Yesterday, we reported that Columbia, South Carolina city officials had overridden an order from the police chief instructing two officers to march in the Gay Pride parade.
The AP reported:
Santiago had ordered a lieutenant and sergeant to join eight other officers in last Saturday's parade even though they cited religious beliefs in their opposition. On the day of the parade, City Manager Teresa Wilson and her assistant met with Santiago and reached an agreement to make participation in the parade voluntary since there were then enough officers to march.
The police chief is speaking out now, saying that it sets a very bad precedent.
"An officer cannot choose their assignments based on their religious beliefs. When you have a police department that really values strict discipline and adherence and obedience to directives, the Chief of Police is the person they look toward for that direction. Any department that expects to instill public trust, must demonstrate that by being visible to the public."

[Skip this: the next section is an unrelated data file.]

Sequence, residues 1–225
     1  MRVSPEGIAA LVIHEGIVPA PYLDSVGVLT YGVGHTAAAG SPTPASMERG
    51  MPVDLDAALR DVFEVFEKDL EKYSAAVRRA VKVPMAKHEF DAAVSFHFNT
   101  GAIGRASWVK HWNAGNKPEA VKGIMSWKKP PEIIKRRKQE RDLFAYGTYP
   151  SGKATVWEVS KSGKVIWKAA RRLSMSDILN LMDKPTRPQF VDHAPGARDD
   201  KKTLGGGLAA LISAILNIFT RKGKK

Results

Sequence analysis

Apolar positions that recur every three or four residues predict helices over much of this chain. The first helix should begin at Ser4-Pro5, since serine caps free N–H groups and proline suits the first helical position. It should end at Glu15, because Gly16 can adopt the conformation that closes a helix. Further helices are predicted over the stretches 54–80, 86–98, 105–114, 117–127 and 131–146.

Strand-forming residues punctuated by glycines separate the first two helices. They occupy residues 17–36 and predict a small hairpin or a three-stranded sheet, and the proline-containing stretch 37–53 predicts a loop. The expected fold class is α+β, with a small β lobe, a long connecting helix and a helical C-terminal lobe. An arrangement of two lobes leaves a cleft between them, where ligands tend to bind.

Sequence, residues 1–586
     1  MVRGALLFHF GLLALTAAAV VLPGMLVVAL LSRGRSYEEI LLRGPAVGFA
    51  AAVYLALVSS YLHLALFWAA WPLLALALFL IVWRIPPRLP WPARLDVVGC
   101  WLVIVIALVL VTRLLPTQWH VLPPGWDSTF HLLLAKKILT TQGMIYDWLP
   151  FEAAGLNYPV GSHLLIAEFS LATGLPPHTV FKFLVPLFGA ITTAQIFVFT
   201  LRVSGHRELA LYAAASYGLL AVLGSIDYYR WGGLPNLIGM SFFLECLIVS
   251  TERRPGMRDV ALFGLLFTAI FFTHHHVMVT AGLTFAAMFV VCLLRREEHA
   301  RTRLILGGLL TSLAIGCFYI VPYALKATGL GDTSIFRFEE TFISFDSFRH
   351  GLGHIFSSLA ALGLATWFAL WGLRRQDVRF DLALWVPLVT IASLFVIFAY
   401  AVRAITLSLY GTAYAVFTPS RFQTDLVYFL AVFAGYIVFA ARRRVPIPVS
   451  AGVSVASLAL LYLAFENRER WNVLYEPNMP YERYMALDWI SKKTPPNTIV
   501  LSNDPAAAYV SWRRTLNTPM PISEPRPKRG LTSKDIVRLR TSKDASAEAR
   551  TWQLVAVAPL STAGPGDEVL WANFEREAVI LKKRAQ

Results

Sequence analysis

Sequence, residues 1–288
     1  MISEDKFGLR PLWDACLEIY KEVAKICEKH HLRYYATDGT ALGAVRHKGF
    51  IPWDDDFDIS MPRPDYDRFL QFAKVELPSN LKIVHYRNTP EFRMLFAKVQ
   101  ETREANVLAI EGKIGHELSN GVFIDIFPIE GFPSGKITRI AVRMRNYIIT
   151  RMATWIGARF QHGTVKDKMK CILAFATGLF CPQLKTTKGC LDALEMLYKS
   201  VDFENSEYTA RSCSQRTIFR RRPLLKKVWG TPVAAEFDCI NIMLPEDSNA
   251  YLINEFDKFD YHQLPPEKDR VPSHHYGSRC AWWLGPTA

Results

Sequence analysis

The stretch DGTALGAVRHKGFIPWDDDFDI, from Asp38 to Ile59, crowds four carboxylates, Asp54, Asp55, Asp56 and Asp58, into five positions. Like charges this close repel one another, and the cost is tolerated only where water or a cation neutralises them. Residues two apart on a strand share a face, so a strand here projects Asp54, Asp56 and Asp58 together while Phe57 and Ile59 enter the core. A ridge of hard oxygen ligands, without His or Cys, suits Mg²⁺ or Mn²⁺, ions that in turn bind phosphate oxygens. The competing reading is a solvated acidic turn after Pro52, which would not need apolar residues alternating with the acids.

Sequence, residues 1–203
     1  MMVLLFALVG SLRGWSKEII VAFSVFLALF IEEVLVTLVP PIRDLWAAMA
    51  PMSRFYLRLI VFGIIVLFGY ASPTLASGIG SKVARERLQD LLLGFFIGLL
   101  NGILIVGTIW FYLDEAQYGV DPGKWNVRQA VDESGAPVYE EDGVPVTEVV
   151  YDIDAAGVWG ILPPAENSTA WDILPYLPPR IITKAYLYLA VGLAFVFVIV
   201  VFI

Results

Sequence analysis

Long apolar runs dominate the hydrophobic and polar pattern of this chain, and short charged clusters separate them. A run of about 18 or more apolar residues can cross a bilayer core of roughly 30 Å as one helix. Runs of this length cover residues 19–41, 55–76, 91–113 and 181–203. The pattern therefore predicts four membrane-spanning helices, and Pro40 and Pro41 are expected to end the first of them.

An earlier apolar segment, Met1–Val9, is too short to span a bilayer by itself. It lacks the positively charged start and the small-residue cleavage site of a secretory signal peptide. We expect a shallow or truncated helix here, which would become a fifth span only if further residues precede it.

Richland County Sheriff Leon Lott agrees:
"A chief or sheriff has to be able to make the decisions, a person that works underneath him are not going to respect them if they don't have the ability to make decisions, and I think that's a problem with the Columbia Police Department, not just now but for many many years/"
Watch, AFTER THE JUMP...